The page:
on double deck: if you cant get away with a 10 unit bet, then top out at 8 units. play at least two rounds after shuffle, regardless of count.
on four or more decks: if at all possible, spread to the appropriate two hand bet at high positive counts.
*on double deck, it is understood that if you are the only player at the only good table, you may have to adopt a play-all approach.
HL/1, UAPC/2 HL/2 Zen/1, AO2/1, HO2/1 KO Red7 Betting Strategy
bet TCx2-2 units bet TCx4-2units bet TC-1 units bet RC+1 units bet RC units <-- general rule... but note exceptions TC -1 or less TC -0.5 or less TC -2 or less RC -5 or less RC -2 or less do not play DD games (exit game after the first hand you lose)*
less than TC +1 less than TC +0.5 less than TC +2 less than KEY less than RC -2 do not play Shoe games except at top of shoe (remember III.5)
TC +1 TC +0.5 TC +2 KEY RC -2 table minimum or 1 unit; whichever is lower
TC +2 TC +1 TC +3 RC +1 RC 0 bet 2 units (two hands of 1.5 units each would be better)
TC +3 TC +1.5 TC +5 RC +3 RC +4 bet 4 units (two hands of 3 units each would be better)
TC +4 TC +2 TC +7 RC +5 RC +6 bet 6 units (two hands of 4 units each would be better)
TC +5 TC +2.5 TC +9 RC +7 RC +8 bet 8 units (two hands of 6 units each would be better)
TC +6 TC +3 TC +11 RC +9 RC +10 bet 10 units (two hands of 8 units each would be better)
SINGLE DECK GAMES Play-All most of the time your top bet on single-deck is 10 units. you should bet this much (10 units) at almost all positive running counts. use at least a 1-4 spread (if not more).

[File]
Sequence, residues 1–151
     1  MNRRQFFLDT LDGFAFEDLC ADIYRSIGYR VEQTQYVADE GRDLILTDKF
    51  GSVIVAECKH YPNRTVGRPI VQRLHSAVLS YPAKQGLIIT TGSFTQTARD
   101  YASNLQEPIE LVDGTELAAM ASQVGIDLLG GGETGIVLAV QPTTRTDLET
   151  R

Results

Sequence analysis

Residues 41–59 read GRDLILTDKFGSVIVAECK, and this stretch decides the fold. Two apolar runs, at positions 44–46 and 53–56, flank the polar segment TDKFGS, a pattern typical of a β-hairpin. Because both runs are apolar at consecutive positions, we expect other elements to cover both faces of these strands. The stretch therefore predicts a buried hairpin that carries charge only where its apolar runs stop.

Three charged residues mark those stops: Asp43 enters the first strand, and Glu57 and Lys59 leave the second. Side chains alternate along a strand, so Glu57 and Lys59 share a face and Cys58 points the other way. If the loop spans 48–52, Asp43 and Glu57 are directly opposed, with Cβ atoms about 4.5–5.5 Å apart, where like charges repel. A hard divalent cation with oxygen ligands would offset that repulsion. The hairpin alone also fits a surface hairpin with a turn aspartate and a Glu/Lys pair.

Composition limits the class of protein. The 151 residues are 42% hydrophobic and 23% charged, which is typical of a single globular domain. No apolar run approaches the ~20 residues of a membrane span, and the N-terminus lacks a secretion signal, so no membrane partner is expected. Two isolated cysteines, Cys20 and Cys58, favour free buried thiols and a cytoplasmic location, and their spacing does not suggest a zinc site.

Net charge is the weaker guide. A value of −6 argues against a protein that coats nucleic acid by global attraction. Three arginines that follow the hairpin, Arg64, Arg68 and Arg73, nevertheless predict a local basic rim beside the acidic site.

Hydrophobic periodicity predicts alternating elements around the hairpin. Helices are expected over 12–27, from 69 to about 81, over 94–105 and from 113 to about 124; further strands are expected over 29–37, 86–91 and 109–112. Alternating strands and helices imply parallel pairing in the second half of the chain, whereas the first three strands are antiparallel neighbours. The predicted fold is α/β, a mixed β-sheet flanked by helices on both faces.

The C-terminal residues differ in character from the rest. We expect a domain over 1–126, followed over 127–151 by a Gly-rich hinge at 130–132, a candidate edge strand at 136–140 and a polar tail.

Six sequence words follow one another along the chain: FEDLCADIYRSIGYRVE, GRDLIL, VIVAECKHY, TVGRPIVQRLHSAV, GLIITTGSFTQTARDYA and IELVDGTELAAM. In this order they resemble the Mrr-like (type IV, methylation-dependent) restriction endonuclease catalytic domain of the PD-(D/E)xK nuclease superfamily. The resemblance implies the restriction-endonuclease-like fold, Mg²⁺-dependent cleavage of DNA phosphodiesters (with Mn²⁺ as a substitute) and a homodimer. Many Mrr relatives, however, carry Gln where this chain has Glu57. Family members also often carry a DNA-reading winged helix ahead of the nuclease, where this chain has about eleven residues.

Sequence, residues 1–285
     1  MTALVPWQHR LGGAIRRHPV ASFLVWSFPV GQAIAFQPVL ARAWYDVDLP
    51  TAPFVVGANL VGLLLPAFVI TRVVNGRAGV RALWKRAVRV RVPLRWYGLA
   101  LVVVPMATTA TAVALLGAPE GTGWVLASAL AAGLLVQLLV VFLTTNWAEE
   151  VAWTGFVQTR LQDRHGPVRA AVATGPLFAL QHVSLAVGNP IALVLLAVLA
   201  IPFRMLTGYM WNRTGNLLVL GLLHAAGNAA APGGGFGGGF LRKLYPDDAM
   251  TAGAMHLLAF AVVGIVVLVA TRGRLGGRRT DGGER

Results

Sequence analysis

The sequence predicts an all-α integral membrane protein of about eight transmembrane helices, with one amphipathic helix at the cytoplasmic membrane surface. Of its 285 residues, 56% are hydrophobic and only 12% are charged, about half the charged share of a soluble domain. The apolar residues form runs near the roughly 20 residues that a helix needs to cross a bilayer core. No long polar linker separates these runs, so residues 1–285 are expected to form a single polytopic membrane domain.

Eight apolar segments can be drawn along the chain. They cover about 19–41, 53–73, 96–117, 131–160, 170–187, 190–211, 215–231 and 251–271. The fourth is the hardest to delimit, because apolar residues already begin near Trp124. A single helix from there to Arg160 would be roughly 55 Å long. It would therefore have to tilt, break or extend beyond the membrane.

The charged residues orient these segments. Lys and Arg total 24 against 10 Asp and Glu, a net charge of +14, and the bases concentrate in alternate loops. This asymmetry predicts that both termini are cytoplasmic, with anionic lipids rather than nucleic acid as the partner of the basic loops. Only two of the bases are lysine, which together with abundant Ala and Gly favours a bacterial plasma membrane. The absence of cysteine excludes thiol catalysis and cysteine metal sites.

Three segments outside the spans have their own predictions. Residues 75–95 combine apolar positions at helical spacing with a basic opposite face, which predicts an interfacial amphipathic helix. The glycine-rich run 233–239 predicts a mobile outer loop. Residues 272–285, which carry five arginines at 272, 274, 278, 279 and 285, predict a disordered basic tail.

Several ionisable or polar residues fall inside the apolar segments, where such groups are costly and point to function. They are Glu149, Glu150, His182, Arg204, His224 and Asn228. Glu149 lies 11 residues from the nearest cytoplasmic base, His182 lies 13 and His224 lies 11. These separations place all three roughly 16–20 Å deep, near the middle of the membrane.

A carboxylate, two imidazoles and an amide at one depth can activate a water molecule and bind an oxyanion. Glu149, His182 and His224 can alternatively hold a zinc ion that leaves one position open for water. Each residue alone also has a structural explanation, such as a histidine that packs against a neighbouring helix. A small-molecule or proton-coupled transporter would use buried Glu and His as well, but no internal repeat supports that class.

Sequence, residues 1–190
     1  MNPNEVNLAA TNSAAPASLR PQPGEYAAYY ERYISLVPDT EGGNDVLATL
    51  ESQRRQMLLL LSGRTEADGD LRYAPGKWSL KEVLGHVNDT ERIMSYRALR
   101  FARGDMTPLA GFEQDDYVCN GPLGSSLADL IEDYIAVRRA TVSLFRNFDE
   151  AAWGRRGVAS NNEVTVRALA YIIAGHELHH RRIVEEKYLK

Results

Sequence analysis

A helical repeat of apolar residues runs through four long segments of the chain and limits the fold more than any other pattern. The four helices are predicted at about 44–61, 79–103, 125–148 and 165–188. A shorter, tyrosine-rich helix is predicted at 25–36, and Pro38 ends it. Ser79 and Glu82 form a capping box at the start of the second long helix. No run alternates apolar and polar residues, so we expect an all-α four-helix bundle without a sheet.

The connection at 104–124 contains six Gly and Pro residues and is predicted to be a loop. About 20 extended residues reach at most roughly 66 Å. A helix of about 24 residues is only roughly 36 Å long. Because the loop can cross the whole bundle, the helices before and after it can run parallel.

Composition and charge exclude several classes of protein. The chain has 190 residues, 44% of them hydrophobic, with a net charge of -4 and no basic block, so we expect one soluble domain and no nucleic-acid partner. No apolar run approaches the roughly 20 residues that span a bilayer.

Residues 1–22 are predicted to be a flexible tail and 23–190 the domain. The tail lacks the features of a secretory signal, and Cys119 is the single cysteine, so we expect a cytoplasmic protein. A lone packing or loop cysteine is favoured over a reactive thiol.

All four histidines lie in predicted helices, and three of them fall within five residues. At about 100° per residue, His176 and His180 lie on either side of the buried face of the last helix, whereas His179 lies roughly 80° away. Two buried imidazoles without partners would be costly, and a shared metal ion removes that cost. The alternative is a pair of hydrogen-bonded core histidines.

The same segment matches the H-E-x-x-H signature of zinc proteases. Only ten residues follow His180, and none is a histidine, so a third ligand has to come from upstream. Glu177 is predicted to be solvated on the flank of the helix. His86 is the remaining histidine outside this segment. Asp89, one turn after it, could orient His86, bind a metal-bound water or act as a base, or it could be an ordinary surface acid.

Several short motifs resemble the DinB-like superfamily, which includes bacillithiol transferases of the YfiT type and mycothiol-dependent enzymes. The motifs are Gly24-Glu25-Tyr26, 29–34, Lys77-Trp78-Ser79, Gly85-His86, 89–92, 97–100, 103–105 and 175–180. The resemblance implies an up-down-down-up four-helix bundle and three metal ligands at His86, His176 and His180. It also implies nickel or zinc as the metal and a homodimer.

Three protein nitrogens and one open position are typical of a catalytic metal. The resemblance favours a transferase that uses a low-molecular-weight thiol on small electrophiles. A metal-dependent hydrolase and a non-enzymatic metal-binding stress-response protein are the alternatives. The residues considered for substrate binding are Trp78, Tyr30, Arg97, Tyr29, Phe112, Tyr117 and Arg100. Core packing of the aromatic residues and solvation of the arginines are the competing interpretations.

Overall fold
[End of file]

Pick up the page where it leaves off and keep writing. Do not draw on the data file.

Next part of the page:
note that this table represents a 1-4 spread.
HL/1, UAPC/2 HL/2 Zen/1, AO2/1, HO2/1 KO Red7 Betting Strategy
TC 0 or less TC 0 or less TC 0 or less RC +1 or less RC -2 or less bet 2.5 units or less
TC +1 TC +0.5 TC +1 KEY RC -1 bet 5 units
TC +2 TC +1 TC +3 RC +3 RC 0 bet 10 units
9. A different betting schedule may be adopted if the team bank reaches the $50 unit size. This will be dealt with in a supplement to the handbook when the time comes.
10. If the pit is not paying attention to you, then there is not much need for camouflage. Jump your bets as the count dictates, but watch for a reaction from the pit. If the pit is watching (even casually... which might not be heat), or if the pit is conspicuously absent, then employ the following camouflage:
a) Only increase your bet if you have won the previous hand. The next bet is, at most, a parlay of the previous original bet and should not be more than double the prior wager, even after winning a blackjack, double, or split. Remember that jumping your bets is a sure sign of a card counter... so exercise caution and be aware if you are drawing heat.
b) Do not increase your bet after losing a hand, even if the count merits a higher wager.
c) Do not decrease your bet after winning a hand, even if the count merits a lower wager.
d) Do not change your bet after a push.
e) always take even money on a blackjack, even if the count says not to. (if you were to always take even money, the long-term cost to you is very small... you might want to think about always doing this.)